Federal/National Debt: What a bunch of $h!. The generation above me (you old chronies) has got away with low taxes (not your fault but your governments fault) and racked up the national debt. The scuffles in the world through out the late 80's through today have caused lots of money to be spent but without raising taxes. During World War 1 or 2 maybe, some old chronie ( a smart one) (The President), made the Income Tax to help finance the war debts. He also said no one should profit from war and heavily taxed the defense companies of america. Instead during the Bush Administration theres been tax cuts. No one to pay for the war or any other debt racked up in the last 20 years

besides the people below you. Demand that the Debt be payed off.

Individual Liberty

Such as things like drug usage. Im no drug user on any standard but i dont think the government should give a flying f about drug usage. I mentioned this as an example for how the government is way to restrictive.

Abortion

I am pro life. Not because im religious (not at all sadly) but because babies in the womb or not are people too and no one has the right to kill people.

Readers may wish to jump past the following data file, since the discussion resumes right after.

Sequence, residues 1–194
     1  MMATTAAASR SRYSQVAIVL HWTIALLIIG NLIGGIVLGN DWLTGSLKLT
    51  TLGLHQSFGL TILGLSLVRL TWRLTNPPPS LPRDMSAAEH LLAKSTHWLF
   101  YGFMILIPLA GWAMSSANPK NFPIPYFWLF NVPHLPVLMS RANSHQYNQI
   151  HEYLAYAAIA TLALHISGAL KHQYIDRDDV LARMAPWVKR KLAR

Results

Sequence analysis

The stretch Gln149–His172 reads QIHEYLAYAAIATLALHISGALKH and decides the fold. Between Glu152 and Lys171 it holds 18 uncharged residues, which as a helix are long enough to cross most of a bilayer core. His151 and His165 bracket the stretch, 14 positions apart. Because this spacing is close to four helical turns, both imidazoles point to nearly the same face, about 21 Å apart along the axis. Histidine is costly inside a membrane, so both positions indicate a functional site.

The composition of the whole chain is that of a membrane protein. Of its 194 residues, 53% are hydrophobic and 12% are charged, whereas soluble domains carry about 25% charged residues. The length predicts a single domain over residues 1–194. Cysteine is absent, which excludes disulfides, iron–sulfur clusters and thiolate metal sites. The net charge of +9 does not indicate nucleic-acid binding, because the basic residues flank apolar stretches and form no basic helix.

Policing the world.

Its a dirty job but no one better to do it. Basically if Hugo Chaves keeps opening his fat mouth or i hear another cocky peep out of Putin we should go over there and kick some ass. (all while rasing taxes and not violating individuals liberty or killing any babies)

Im opinionated, i know, i love to share as well. I love my Con Law and Am History classes.

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The Republicans only pretend to be pro-life so that they can get redneck evangelicals to vote for them so they can pursue their real agenda - supply side tax cuts and Neocon foreign policy.

yea they definitely do that because they also want to throw off a bunch of democrats votes. And you see more redneck evangelicals having electoral votes than democrats so its definitely them trying to please a certain more important demographic (rednecks) not them just doing what they think is right.